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  1. I got my G14 today. I am extremely impressed; it’s the best built PC I have ever seen, particularly with the trackpad and machining. It’s nearly Macbook level build quality. The keyboard, trackpad, and chassis are the biggest upgrades when compared to the X16, 2023 G13, and Zenbook 14.

  2. The 8945hs has a significantly better iGPU than the previous green. The xx45 models from the previous gen has the 610M which only had 2 CU. Since those chips were specifically targeted at gaming machines and it was expected that they’d be paired with discrete GPUs they were given “crippled” graphics which were enough for running windows, playing videos and not much else
    The new ones have 12CUs so technically that’d be the biggest upgrade, even more than the AI capabilities (though no one’s likely to notice as they’ll still be paired with discrete graphics

    1. You’re comparing the 8945HS to the 7945HX, but it’s really more of a direct follow-up to the 7940HS, which is identical in every respect except the NPU. The HX series processors have more CPU cores, higher TDP and the lower tier iGPU that you mentioned.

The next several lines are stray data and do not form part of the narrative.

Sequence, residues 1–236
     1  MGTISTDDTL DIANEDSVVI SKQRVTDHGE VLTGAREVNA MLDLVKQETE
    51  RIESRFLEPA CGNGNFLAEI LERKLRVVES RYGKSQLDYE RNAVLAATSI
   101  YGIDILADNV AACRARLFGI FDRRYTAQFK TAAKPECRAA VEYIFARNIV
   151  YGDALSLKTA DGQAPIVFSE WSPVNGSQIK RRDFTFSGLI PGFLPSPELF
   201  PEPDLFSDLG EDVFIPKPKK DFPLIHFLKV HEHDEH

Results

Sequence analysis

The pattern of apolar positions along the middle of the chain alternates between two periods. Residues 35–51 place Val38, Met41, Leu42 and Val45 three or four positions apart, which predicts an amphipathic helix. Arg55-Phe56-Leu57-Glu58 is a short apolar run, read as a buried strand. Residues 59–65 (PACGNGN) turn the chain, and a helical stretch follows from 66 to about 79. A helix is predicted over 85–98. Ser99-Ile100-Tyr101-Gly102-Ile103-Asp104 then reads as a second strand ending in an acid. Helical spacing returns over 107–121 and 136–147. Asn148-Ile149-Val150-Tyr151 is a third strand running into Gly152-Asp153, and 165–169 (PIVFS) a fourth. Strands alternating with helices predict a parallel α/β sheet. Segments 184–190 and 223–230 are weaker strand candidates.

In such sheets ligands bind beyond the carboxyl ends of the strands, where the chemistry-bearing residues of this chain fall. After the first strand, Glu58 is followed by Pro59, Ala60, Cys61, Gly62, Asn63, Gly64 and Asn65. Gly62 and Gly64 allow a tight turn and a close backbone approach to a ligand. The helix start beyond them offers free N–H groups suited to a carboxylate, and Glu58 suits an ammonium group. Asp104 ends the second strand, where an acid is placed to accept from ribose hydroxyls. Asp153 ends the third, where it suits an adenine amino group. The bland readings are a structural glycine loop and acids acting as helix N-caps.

1. Actually, only the Ryzen 9 had more cores.
        Hasn’t the HX/HS/U part of the name always been more an indication of the TDP?
        Meanwhile xx45 vs xx40 was more of an indication of higher clock speeds (if you compare last generation models all the xx45 chips have the same number of cores as their xx40 iirc, only the frequencies (and iGPU) change, and the new lineup seems to be the same
        This would actually be more of a successor to the 7745HX in my opinion.
        I also think that AMD rethought their strategy with their “gaming” mobile CPUs. After all, it meant there was no “long battery life” mode available for mobile gaming since you had to either use just 2 CUs or you basically had to double your power draw (or more) by using diameter graphics

        1. We’re clearly just debating semantics at this point, but the way I see it:

          1. AMD doesn’t offer any HX chips in the 8000 series lineup.
          2. AMD separated out 8040HS and 8045HS chips with the former featuring 20-30W TDP and the latter featuring 35-54W

          3. The 8945HS is literally the same exact chip as the 7940HS in every way except the NPU (same CPU & GPU cores, threads, and frequencies).

          4. Asus used the 7940HS in some 2023 ROG Zephyrus G14 models and the 8945HS in 2024 models. There were never any models with 7745HX chips.

          Therefore, there is no real replacement (yet) for the 7040HX. This is a modest update to the 7040HS.

  3. I really like the new 2024 redesign for the G14 and G16. I’m having a hard time confirming whether both models have an all-aluminum build. I’ve read comments about this, but none of the reviews I’ve watched on Youtube have mentioned it.

    Asus’ website refers to it as an “aluminum chassis”, which might just refer to the inner structure?